Dynamite's Turok Volume 1 Is Good Enough Revival

turok-dynamite-vol01-segovia-variant-topper

Turok becomes part survivor, part dino whisperer in Dynamite’s revival of the Gold Key warrior. Writer Greg Pak plots a solid yarn where the young man finding his purpose while not knowing friend from foe. This is probably not the Son of Stone series, of which I’ve seen very little, nor is it the sci-fi-flavored Valiant/Acclaim series.

Turok, probably better known as a video game character in recent times, has somehow endured since the 1950s instead of being seemingly everywhere like Marvel & DC’s uppper pantheon. A more traditional take may have purely heroic Turok, with trusty sidekick Andar, opposing angry dinos and hostile tribes. In the first volume entitled “Conquest,” the plot has an us-versus-them, natives-against-explorer narrative layered on top with the loner-against-everyone characterization of Turok.

Volume 1 is set in an alternative pre-colonial America where the British empire arrives at Manahattan much, much earlier to conquer the New World with dominion and “dragons.” Turok has another worry: he can’t shake off the tribe who killed his parents. Amidst his struggles with opposing forces, Turok’s passions are muddle: does he or doesn’t he like the thrill of adventure? Are the monstrous reptiles friend or foe? There are no outright answers whether Turok rediscovers his humanity. Pak is almost trying too hard to make Turok mysterious.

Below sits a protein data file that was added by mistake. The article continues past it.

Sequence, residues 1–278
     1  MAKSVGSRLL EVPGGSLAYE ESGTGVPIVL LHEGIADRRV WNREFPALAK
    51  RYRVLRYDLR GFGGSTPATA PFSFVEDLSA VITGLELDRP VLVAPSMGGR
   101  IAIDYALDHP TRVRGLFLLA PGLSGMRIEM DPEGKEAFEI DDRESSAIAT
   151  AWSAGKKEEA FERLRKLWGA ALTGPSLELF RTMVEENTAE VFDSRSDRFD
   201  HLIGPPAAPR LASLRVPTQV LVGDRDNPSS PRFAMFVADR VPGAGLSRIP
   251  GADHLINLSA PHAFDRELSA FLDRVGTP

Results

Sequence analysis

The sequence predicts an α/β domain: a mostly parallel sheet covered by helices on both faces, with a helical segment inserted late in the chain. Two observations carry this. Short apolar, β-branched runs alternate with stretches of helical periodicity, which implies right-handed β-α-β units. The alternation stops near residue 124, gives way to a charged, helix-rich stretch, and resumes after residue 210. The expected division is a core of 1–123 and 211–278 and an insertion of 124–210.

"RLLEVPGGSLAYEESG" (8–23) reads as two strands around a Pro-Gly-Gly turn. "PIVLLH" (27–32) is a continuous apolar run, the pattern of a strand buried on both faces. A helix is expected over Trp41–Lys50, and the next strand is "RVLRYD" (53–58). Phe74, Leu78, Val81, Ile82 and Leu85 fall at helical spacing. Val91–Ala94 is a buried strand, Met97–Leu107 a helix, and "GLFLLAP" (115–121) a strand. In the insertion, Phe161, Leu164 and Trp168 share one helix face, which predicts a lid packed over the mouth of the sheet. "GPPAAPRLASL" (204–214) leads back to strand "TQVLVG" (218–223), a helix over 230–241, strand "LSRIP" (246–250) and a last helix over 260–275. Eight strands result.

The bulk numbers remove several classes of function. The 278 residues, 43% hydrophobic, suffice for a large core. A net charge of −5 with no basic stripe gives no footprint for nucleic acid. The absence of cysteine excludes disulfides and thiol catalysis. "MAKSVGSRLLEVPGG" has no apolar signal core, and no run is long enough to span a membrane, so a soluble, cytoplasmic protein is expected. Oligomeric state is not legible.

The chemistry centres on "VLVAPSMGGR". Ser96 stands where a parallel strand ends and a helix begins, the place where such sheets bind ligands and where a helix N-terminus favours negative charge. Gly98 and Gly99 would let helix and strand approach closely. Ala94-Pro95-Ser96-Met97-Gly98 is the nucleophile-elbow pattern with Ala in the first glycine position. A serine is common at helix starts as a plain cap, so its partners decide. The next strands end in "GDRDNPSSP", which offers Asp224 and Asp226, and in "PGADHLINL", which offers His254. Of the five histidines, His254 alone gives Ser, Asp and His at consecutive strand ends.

Visually, Mirko Colak and Cory Smith’s artwork is realistic. It’s so realistic it can be hard to tell the natives apart; I paid attention to the clothing. Also, some of the inkier shadows sometimes look like odd splotches. Lauren Affe’s colors are fittingly natural until the big beasts, displaying unreal colors, arrive. There’s a neat trick where the British speech bubbles are rendered as foreign speech though they’re speaking English. Pak is nudging the reader to sympathize with the natives.

The story is competent, if a bit cynical. “Conquest” is a solid tale, but isn’t quite a blockbuster. Volume 1 also includes portraits of the many variant covers and a script for issue #1. Final rating: 3½ out of 5.

Thanks to NetGalley, Diamond, and Dynamite for the review copy.

Author: Clarence

Webmaster, editor, writer of Red-Headed Mule. RHM was founded in 2011. Currently is liking British TV better than U.S. TV, mayhaps.